Issue 1, 2013. February-March



The 2012 GREMO report on the hotel and hospitality sector by Jones Lang LaSalle and IPM highlighted steady growth in occupancy rates for Tbilisi hotels, and supply falling increasingly short of demand. spoke with hotel managers in Tbilisi about their experiences in 2012, and their expectations for 2013.


2012: A bumper year for hotels?

The steadily growing number of foreigners traveling to Georgia is stimulating growth in the hotel sector, according to two recent reports on the industry.

Two hotel sector studies - the GREMO report by Jones Lang LaSalle/IPM and the monthly review by KPMG Georgia - both found that the number of guests is increasing, as is investments in the sector.

"According to the data provided by the Border Police of Georgia, 4,389,256 foreigners visited Georgia in 2012 - representing a 56 percent increase compared to 2011," noted the KPMG report, which cited better visa regimes with Turkey and Russia for some of the increase.

"If the political situation remains stable, a 10 percent annual increase in the number of visitors to Tbilisi in 2012-2016 is expected."

While the GREMO report noted that only 30 percent of the total number of tourists arriving in Georgia register in hotels, that number is steadily growing - meaning higher occupancy rates for hotels in 2012.

"In the past five years, the number of registered guests in accommodation facilities has almost quadrupled and reached 853,049 in 2011," it stated.

Hotels in Tbilisi note 2012 was an even better year, with occupancy rates as high as 80 percent for hotels like the Sheraton Metechi Palace Hotel, according to General Manager Andreas Heidingsfelder.

An estimated 75 percent of the Sheraton's guests are business travelers, but Heidingsfelder is optimistic about an increase in tourists, as well.

"If the political situation is stable and there is no big change, and it goes smoothly further, the tourists will come," he said. "There is so much advertisement for Georgia - unexpected advertisement, not done now by the Department of Tourism or the Ministry of Economy - it is done for the interest of country. For example in November there was one week of Georgian focus on German TV...They see that people are interested in Georgia."

More rooms, even more guests

The Holiday Inn, the newest chain hotel on the market - and the largest, was quick to find a niche in Tbilisi for its 252 beds, noted Oto Berishvili, the hotel's business development manager.

"We opened our hotel at the end of 2010... we grabbed our market share because the quality and standards and service we have is really in proportion with the price we have," he said.

"Of course, there was a huge increase in 2012 compared to 2011, because it was already our second year and we already had a lot of accounts and a lot of satisfied and loyal guests and companies."

Steady growth is bolstering demand for hotel rooms in Tbilisi, according to the Jones Lang LeSalle/IPM and KPMG reports.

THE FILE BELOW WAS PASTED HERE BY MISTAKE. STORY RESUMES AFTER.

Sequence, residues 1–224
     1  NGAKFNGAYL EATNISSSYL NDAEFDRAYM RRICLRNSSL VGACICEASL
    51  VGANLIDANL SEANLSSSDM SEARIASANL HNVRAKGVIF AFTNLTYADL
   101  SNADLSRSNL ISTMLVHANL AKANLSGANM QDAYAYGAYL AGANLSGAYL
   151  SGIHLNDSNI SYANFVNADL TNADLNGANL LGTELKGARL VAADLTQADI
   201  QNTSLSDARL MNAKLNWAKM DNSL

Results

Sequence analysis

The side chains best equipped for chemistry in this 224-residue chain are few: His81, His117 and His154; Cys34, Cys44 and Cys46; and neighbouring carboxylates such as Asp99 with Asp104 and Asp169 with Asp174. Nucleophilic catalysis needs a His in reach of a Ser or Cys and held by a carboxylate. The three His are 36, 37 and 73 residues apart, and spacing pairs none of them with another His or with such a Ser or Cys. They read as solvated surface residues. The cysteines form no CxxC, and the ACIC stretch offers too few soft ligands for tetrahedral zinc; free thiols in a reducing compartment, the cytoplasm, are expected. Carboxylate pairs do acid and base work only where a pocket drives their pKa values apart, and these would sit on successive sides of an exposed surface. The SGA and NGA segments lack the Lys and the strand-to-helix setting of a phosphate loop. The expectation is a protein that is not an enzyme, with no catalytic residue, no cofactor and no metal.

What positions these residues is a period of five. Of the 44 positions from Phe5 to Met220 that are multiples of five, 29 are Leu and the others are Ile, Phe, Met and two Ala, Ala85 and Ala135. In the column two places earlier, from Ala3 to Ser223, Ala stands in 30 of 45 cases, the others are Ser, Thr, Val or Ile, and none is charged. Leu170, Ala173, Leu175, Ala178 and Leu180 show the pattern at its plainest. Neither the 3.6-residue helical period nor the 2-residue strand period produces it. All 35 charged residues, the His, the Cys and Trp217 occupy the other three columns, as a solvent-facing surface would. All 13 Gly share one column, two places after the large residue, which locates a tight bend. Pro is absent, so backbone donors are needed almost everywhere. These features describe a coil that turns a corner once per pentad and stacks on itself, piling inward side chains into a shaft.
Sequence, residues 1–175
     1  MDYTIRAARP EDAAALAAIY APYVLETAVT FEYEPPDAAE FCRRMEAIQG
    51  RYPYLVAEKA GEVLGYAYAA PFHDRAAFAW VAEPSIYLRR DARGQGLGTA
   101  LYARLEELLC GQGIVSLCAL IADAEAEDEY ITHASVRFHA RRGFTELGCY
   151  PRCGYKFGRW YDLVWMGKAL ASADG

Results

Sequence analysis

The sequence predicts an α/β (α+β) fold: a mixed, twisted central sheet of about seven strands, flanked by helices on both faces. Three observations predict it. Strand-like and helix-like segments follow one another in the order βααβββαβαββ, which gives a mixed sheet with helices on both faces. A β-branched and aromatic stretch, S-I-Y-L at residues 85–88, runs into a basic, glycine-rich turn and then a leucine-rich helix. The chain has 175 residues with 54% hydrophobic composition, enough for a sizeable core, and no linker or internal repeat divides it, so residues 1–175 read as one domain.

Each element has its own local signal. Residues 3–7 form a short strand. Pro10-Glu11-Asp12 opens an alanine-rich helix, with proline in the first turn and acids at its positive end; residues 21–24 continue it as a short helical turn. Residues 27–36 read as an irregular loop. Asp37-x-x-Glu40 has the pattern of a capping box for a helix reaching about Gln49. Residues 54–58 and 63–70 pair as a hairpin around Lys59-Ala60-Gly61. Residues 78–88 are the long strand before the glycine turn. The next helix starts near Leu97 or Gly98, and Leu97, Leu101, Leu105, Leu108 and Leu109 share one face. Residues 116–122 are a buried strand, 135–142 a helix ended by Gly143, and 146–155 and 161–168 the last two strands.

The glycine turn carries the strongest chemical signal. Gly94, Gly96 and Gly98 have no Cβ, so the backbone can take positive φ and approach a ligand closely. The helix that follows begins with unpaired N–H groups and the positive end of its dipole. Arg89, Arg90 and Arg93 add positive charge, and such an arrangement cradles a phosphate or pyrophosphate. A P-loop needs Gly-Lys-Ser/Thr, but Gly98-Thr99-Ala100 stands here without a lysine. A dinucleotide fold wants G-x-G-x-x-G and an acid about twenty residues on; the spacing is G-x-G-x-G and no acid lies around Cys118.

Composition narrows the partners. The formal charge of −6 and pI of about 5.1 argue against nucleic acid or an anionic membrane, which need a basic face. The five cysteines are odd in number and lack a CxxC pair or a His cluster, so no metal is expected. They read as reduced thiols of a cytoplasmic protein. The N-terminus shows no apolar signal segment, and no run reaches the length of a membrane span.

The Jones Lang LaSalle/IPM report, published in December 2012, found that the number of guests staying in hotel rooms increased 140 percent over the past three years, from 2009 to 2012. By comparison, new hotel rooms have been slow to hit the market, with the number of beds growing by just 38 percent over the same period.

KPMG reported the growing demand for hotels has inspired a steady increase in investment in the sector over the past decade: there are currently five hotel projects in the works including a Hilton Garden, Intercontinental, Rixos Hotel and the Golden Tulip.

"In 2007-2011, investments in fixed assets in the hotel, restaurant and catering (HoReCa) sector in Georgia totaled $228 million," the report noted.

"Additionally, for the period of 2007-2012, foreign direct investment in the HoReCa sector in Georgia amounted to $516 million."

Based on those projects, KPMG predicts the number of hotel beds in Tbilisi will grow by eight percent annually over the next four years.

"To be honest, I think there is [room] for more hotels...I have got a feeling that the demand will grow further because it is great to do business here. If you step in, you see how many big companies have settled down here, big international global players," Heidingsfelder noted. "I believe the demand for hotels will grow."

But while the increase in tourists has been good for the industry, the sheer volume of hotel beds set to hit the market could have an adverse affect on all the hotels, Steve Johnson, the owner of Betsy's Hotel, warned.

"In 2011there was 68 percent occupancy, in 2012 a 82 or 83 percent [occupancy rate] and we really had to work hard; we have 57 rooms," he said.

"The rates are going down, down, down...With the government pushing three stars to come in, it is just going to kill everybody who is above a three star because they are going to charge $60, $65 - they are going to go to European rates."

A traveler's market

With more hotels to choose from, travelers' preferences will shape the future of the Tbilisi market.

KPMG found that out of five factors for choosing a hotel room (friendliness of staff, cleanliness of rooms, location, image/reputation, and price), travelers put more importance on the staff than any other single indicator.